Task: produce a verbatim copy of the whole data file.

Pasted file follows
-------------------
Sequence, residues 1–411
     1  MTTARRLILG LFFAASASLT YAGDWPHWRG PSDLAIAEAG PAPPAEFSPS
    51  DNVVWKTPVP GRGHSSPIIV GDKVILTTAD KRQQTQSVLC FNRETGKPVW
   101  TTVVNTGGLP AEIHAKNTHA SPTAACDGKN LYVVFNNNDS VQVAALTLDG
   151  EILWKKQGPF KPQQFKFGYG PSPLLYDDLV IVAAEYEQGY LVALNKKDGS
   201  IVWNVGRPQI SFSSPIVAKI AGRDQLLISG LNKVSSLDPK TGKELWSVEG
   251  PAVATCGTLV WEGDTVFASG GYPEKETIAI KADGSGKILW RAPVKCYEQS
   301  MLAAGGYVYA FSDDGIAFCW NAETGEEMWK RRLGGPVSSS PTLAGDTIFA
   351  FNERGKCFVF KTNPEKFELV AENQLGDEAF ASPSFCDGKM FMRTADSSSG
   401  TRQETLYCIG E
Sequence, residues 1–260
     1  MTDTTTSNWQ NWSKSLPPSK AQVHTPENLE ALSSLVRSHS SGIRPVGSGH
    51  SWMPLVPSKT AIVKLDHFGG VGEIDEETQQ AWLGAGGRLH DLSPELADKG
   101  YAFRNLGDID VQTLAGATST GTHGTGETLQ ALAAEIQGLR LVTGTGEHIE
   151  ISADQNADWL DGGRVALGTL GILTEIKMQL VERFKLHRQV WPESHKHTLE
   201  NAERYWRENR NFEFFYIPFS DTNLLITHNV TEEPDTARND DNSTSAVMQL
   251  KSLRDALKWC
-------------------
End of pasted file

Sequence, residues 1–411
     1  MTTARRLILG LFFAASASLT YAGDWPHWRG PSDLAIAEAG PAPPAEFSPS
    51  DNVVWKTPVP GRGHSSPIIV GDKVILTTAD KRQQTQSVLC FNRETGKPVW
   101  TTVVNTGGLP AEIHAKNTHA SPTAACDGKN LYVVFNNNDS VQVAALTLDG
   151  EILWKKQGPF KPQQFKFGYG PSPLLYDDLV IVAAEYEQGY LVALNKKDGS
   201  IVWNVGRPQI SFSSPIVAKI AGRDQLLISG LNKVSSLDPK TGKELWSVEG
   251  PAVATCGTLV WEGDTVFASG GYPEKETIAI KADGSGKILW RAPVKCYEQS
   301  MLAAGGYVYA FSDDGIAFCW NAETGEEMWK RRLGGPVSSS PTLAGDTIFA
   351  FNERGKCFVF KTNPEKFELV AENQLGDEAF ASPSFCDGKM FMRTADSSSG
   401  TRQETLYCIG E
Sequence, residues 1–260
     1  MTDTTTSNWQ NWSKSLPPSK AQVHTPENLE ALSSLVRSHS SGIRPVGSGH
    51  SWMPLVPSKT AIVKLDHFGG VGEIDEETQQ AWLGAGGRLH DLSPELADKG
   101  YAFRNLGDID VQTLAGATST GTHGTGETLQ ALAAEIQGLR LVTGTGEHIE
   151  ISADQNADWL DGGRVALGTL GILTEIKMQL VERFKLHRQV WPESHKHTLE
   201  NAERYWRENR NFEFFYIPFS DTNLLITHNV TEEPDTARND DNSTSAVMQL
   251  KSLRDALKWC